FDA is seeking comments on the proposal through October 26.
In order for FDA to permit a drug to be sold OTC, a drug’s label must contain enough information for consumers to appropriately self-select and use the product without a doctor’s supervision; however, in this proposed rule, FDA explains that there are situations where labeling alone cannot adequately communicate the information needed for consumers to do this safely and effectively without the supervision of a physician. FDA’s new proposed rule, which applies to drugs that go through the NDA or abbreviated new drug application (ANDA) process, aims to allow more drugs to be marketed OTC even when the labeling is insufficient for independent self-selection and/or actual use, by requiring applicants to implement an Additional Condition for Nonprescription Use (ACNU), which the proposed rule defines as an additional condition to ensure appropriate self-selection or appropriate actual use, or both, by consumers without the supervision of a health care practitioner.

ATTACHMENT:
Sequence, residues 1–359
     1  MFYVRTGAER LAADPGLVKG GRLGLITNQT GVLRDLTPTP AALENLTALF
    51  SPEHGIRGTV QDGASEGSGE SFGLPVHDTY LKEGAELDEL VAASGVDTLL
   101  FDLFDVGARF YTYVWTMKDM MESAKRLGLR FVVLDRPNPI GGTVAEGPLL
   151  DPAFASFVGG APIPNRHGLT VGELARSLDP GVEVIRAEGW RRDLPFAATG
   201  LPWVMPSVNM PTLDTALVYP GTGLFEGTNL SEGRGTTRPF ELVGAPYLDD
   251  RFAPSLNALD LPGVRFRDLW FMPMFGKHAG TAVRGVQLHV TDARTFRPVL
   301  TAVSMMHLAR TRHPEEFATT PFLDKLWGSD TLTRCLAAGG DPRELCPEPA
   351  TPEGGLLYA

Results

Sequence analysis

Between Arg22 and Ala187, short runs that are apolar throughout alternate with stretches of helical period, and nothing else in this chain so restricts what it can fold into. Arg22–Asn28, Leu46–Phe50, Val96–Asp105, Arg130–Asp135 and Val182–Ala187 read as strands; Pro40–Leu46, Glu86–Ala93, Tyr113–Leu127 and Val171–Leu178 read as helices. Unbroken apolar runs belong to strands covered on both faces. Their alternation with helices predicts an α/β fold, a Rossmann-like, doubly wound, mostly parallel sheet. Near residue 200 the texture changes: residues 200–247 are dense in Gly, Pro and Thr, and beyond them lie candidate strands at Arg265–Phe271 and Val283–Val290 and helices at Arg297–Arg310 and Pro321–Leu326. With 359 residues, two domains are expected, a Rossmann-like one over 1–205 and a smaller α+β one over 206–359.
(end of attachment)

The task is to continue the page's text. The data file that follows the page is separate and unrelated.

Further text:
The proposed rule comes more than ten years after the agency described this OTC+ idea as a way to make more drugs available OTC, then-dubbed “novel switches.” The new proposed rule would establish additional application requirements, labeling requirements, and postmarketing reporting requirements for a nonprescription drug product with an ACNU.
In some ways, the ACNU can be seen as FDA allowing for questionnaires and modern technology instead of relying exclusively on physicians as the gatekeepers for the selection of certain pharmaceuticals. Under the statute, FDA cannot approve a drug for nonprescription use if the supervision of a healthcare practitioner is needed to ensure proper self-selection and actual use of the drug. However, the proposed rule would allow a questionnaire to be used to determine a consumer’s “disease-specific risk” where consumers could not do this on their own without a physician’s intervention, and such drugs could be made available without a physician’s prescription. In the past, FDA had taken the position that certain diseases or conditions are not amenable to lay diagnosis and therefore cannot have adequate directions for nonprescription use. The proposed rule, however, does not include the ability for self-diagnosis as one of the conditions for approving an OTC drug supported by an appropriate ACNU.